5. Resilient grape varieties: Organic viticulture may favor grape varieties that are better adapted to the local climate and soil conditions. This can result in a more diverse and resilient vineyard that is better able to withstand extreme weather events such as drought, heatwaves, or cold snaps.

Overall, organic viticulture can help to create a more sustainable and resilient vineyard ecosystem, which is better equipped to adapt to the challenges of climate change.

Sparkling Mecca

The 2010 growing season was the first time I felt heat that reminded me of my previous sparkling career in the Okanagan Valley of British Columbia. We had moved back to Pauline's home province in 2004 to make sparkling wine in a better climate for the style. Coincidently, that year corresponds closely to what researchers in our region identify as the start of the effects of climate change, and it marked our second vintage to earn medals at Effervescents du Monde in France.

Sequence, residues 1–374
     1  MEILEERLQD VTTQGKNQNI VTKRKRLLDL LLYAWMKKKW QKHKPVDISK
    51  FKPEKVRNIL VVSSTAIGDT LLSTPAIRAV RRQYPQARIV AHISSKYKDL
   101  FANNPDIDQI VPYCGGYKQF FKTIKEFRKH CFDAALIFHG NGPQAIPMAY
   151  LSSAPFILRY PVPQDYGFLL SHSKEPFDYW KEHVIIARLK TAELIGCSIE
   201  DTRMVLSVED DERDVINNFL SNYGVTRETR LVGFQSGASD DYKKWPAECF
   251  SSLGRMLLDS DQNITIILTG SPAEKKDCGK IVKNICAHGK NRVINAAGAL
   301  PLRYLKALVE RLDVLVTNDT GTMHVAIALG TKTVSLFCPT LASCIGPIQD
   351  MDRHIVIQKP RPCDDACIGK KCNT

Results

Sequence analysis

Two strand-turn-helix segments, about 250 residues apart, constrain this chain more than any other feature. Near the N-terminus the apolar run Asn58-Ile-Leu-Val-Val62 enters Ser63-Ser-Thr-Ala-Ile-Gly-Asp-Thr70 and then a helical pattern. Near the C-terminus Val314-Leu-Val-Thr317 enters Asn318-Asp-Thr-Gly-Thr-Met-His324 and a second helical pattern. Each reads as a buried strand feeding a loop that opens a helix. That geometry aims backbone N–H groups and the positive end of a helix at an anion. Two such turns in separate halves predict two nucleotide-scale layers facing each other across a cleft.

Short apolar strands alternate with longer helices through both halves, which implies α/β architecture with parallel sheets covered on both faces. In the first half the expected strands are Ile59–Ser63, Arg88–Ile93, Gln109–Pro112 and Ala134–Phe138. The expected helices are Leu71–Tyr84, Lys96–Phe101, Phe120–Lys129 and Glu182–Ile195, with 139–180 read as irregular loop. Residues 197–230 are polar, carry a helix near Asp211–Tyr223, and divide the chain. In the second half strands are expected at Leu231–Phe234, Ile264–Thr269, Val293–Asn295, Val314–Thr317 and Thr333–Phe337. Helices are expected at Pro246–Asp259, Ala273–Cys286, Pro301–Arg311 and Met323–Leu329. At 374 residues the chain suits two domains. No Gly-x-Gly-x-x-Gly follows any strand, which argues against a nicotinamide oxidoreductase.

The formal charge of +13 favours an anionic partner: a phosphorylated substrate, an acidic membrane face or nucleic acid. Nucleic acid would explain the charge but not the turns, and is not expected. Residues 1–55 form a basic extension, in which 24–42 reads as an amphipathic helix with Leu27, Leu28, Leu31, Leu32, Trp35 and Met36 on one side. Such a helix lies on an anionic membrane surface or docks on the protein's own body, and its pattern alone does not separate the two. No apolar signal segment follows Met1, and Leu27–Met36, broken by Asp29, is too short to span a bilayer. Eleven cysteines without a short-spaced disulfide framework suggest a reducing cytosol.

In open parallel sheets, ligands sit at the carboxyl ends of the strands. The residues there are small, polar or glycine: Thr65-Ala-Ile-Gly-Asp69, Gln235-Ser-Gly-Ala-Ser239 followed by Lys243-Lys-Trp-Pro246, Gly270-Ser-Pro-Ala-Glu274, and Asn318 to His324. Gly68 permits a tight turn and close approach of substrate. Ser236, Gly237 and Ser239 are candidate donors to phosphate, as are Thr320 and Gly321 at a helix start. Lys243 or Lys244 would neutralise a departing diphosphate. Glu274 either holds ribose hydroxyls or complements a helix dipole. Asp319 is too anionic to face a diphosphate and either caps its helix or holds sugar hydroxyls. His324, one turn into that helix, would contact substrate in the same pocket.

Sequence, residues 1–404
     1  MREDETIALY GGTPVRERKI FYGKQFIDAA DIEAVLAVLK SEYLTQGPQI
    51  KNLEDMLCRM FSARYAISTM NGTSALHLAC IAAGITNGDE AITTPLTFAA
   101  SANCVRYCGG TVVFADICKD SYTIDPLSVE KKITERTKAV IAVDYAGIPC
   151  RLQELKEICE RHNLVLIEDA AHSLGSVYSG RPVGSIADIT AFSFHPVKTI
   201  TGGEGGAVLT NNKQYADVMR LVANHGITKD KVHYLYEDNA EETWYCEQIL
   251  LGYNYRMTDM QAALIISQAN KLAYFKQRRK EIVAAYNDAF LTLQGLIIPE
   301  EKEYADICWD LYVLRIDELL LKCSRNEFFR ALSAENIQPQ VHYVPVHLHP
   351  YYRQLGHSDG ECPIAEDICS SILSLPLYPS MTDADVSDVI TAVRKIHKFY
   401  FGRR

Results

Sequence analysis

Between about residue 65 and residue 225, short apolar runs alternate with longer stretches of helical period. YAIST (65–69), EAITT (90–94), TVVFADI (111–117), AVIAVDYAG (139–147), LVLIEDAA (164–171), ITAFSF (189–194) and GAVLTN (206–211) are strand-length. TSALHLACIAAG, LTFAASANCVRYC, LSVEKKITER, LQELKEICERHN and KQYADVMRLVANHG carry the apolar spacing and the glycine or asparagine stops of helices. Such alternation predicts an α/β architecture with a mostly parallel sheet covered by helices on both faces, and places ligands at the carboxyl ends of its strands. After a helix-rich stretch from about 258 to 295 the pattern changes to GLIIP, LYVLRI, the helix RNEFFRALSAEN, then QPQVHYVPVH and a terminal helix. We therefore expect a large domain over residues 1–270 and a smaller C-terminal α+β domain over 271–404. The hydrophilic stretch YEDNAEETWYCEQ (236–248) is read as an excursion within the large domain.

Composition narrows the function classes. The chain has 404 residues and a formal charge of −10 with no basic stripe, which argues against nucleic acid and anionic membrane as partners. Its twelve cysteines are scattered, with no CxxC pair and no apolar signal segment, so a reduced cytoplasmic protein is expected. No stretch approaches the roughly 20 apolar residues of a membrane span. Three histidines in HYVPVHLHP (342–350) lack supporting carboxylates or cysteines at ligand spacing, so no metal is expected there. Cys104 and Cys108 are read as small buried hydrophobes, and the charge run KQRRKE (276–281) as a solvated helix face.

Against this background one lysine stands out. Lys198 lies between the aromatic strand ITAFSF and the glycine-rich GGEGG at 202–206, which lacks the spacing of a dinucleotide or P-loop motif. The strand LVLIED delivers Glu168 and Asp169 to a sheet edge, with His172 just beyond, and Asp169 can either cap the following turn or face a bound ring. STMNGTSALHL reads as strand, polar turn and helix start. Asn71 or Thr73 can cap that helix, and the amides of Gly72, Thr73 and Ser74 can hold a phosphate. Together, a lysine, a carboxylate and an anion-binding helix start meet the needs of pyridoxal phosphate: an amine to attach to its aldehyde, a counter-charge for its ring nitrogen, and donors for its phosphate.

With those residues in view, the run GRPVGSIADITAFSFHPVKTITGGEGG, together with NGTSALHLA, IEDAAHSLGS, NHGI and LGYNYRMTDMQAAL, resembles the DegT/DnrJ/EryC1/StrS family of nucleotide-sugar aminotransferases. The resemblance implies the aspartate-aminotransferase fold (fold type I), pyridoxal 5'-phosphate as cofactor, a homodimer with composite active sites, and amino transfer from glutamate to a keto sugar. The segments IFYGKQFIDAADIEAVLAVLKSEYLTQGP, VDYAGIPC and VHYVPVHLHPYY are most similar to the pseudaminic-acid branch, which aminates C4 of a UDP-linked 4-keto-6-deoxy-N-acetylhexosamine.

Read more about the contrasts of making sparkling wine in the two regions. 


Moderate sugars, acid retention and brown lignified (ripe) seeds are the characteristics of a world-class sparkling region, and Nova Scotia has it!  As it gets warmer, though, we have been watching acidity more closely and adjusting pick dates to keep optimal freshness. See below for data from 14 years of harvesting Prestige Brut Estate from the same block showing that we have been not only maintaining freshness but also slightly trending higher acidity. 

Other strategies to retain freshness in a warming climate is to prune for more crop....more grapes per vine tends to increase acidity and lower sugars at harvest. There are limits though. Champagne regulations usually have an upper limit of 10-12 tonnes per hectare, approximately 4-5 tonnes per acre, and many growers crop even higher and sell the unusable excess to distillers. But at these crop levels and higher there can be impacts on flavour and, to a lesser degree, possible nutrient deficiencies in the juice causing fermentation problems. Remember we are still striving for ripeness, and what works in Champagne might not work here in Nova Scotia. Most of the vintages listed above were cropped at 3-4 tonnes per acre, which matched our terroir of rocky well-drained soil with about 8 inches of humus-rich top soil in the block where we grow Prestige Brut Estate. And all years had brown seeds, ripeness!